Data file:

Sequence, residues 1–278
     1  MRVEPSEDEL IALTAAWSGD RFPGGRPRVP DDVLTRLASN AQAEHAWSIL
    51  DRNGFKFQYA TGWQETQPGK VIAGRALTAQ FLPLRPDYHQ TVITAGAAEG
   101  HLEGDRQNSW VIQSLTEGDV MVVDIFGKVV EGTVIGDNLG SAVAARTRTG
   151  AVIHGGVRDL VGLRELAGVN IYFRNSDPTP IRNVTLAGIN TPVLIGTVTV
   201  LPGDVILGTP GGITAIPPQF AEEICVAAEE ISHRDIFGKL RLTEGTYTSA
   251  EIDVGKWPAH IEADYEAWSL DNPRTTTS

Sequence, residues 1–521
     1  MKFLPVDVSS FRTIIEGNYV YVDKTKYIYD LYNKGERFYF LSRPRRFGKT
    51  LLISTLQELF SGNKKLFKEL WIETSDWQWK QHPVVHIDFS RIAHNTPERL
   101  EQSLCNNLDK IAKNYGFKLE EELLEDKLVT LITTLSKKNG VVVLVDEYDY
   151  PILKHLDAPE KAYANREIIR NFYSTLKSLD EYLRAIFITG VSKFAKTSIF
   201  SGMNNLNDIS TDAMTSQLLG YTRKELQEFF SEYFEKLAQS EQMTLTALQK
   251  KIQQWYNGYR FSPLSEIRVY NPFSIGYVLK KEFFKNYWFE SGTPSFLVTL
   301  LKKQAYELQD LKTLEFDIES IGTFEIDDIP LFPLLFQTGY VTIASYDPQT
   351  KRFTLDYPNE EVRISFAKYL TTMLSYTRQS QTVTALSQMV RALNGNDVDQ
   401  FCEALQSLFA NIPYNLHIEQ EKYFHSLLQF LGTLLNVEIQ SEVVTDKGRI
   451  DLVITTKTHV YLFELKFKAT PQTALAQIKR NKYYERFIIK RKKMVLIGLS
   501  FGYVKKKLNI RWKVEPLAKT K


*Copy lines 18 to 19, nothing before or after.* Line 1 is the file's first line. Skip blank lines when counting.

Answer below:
   451  DLVITTKTHV YLFELKFKAT PQTALAQIKR NKYYERFIIK RKKMVLIGLS
   501  FGYVKKKLNI RWKVEPLAKT K